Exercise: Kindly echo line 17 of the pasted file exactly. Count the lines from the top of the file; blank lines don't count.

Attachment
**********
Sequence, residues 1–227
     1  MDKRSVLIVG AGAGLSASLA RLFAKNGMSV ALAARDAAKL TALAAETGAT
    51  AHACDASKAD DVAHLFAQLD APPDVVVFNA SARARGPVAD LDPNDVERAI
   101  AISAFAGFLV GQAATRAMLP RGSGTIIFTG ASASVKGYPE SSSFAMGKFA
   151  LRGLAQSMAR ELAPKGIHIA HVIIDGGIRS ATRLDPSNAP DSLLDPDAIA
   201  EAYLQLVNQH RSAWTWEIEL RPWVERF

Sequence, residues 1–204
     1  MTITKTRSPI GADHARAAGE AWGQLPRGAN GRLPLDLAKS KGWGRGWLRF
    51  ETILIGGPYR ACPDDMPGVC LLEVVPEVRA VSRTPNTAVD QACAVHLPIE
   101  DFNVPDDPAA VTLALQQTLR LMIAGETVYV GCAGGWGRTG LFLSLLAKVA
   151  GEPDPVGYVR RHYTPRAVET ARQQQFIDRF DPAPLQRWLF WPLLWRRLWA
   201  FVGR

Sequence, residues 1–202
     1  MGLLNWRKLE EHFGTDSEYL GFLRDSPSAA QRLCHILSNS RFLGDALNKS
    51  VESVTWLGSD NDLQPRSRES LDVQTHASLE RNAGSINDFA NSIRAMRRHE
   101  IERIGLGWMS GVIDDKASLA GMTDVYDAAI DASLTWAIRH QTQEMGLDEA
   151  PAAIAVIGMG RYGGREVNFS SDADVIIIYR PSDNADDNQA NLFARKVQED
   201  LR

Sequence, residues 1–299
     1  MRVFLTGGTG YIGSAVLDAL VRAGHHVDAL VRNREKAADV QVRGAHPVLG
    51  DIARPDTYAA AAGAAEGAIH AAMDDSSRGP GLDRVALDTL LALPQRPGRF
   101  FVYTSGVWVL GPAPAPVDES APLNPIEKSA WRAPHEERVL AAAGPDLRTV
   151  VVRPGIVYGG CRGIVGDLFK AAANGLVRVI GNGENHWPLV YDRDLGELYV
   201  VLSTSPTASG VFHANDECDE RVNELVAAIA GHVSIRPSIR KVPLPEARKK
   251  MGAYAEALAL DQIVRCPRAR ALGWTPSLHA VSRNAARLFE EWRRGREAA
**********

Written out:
   151  PAAIAVIGMG RYGGREVNFS SDADVIIIYR PSDNADDNQA NLFARKVQED